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Updated July 05, 2023


As of early July, the depletion of polysilicon inventory on the spot market speeds up significantly. The intensities of inventory pressures on Tier-1 and Tier-2, 3 manufacturers are different, as Tier-1 manufacturers digest faster than expected, while the rest are still stuck with the unsold products. The efficient decrease in Tier-1’s inventory is a direct result of price cuts and sales, where they offer cheaper, better-quality polysilicon for n-type ingot production, boosting order volume and clearing inventory. As noted last week, manufacturers are split on “whether or not” and “when” they should stockpile and buy the dip. Some buyers, who have new capacities and need more polysilicon for production, place bulk orders to buy at even lower prices.

Mono-grade polysilicon prices stay at RMB 59-64/kg this week, showing little momentum for further declines. Spot prices of both Tier-1 and Tier-2, Tier-3 manufacturers stop falling, with the gap between the two narrowing noticeably. Most polysilicon manufacturers struggle to sustain profit at the current price level. Rapid price drops in the second quarter prompt new entrants to reconsider commissioning in terms of earnings and losses.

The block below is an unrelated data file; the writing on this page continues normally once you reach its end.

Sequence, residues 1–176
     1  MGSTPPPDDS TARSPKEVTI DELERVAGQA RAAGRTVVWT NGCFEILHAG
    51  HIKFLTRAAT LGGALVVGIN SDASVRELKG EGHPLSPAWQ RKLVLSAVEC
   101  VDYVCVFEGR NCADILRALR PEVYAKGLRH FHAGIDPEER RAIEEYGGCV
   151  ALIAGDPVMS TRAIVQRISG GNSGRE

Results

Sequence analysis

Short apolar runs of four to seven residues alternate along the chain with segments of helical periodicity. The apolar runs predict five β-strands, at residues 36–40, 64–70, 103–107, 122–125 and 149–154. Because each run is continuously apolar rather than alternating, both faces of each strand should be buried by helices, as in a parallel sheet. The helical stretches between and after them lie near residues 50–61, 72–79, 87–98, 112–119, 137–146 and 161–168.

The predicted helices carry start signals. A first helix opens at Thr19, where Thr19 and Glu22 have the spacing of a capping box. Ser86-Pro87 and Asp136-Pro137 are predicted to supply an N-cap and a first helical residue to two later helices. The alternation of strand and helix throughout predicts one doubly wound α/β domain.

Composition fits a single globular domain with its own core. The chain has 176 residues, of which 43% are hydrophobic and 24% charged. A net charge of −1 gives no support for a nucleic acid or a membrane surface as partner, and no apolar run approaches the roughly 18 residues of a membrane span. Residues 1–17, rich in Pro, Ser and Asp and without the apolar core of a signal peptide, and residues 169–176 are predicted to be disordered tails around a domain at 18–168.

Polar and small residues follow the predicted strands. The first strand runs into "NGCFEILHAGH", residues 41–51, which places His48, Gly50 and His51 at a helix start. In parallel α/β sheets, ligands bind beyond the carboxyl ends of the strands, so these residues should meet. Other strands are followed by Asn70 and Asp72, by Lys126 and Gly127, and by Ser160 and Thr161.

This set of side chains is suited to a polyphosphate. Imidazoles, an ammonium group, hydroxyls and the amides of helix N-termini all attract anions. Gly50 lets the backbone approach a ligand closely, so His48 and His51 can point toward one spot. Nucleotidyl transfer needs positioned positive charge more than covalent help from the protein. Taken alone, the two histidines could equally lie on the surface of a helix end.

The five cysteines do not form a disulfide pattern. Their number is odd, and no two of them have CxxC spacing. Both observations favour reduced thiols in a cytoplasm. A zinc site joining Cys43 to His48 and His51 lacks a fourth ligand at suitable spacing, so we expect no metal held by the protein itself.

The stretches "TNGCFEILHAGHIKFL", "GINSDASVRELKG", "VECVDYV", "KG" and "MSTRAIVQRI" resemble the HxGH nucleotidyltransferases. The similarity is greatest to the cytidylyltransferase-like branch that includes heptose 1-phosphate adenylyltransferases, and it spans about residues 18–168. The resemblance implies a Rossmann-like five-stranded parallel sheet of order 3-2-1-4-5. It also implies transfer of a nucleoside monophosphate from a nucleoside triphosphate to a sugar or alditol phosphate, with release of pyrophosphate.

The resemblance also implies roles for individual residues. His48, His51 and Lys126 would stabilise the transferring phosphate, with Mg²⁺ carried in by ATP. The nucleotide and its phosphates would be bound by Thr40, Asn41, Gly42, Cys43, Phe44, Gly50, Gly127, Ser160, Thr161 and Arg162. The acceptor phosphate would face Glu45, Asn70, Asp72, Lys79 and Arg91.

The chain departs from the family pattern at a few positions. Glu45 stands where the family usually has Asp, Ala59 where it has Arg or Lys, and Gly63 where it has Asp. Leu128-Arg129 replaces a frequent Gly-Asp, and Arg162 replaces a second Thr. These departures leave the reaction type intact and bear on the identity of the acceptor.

Increases in production volume in July are little changed from June’s level, as manufacturers release new capacities and need more time to run at full capacity. Meantime, power rationing and production restrictions affect production output in some areas. As of this month, new capacities offset those suspended and retired.


As upstream prices correct, wafer prices can hardly decline further. Manufacturers adjust pricing strategies incessantly in accordance with their inventory levels.

Trading prices for M10 and G12 wafers slip to RMB 2.7-2.8/piece for M10 wafers and RMB 3.7-4/piece for G12 ones. The highest trading price this week is close to the average price a week ago. Price declines slow down significantly, coming to a gradual end. M10 wafers have a better price-performance ratio per watt. G12 wafers see trading prices vary, with Tier-1 manufacturers trading at RMB 3.95-4/piece, and Tier-2 at RMB 3.7-3.8/piece.

Early this month, manufacturers increase production plans, but inventory levels remain, thanks to active purchases from the cell sector. Given that, some wafer manufacturers want to raise prices. However, with wafer production output rising every month, inventory pressure lingers. There is little rising momentum for wafer prices, which will stabilize at the current level next week.


PERC cell supply is steady. Most expansion projects this year are n-type cell production capacities. Despite still uncertain end-user demand, purchases for M10 PERC cells are active as the module sector brings more capacities online.

As mentioned last week, cell manufacturers raise price quotes recently. Trading prices rebound marginally, coming in at RMB 0.7-0.71/W for M10 cells and RMB 0.72/W for G12 ones. The average price for M10 cells increased by RMB 0.01/W.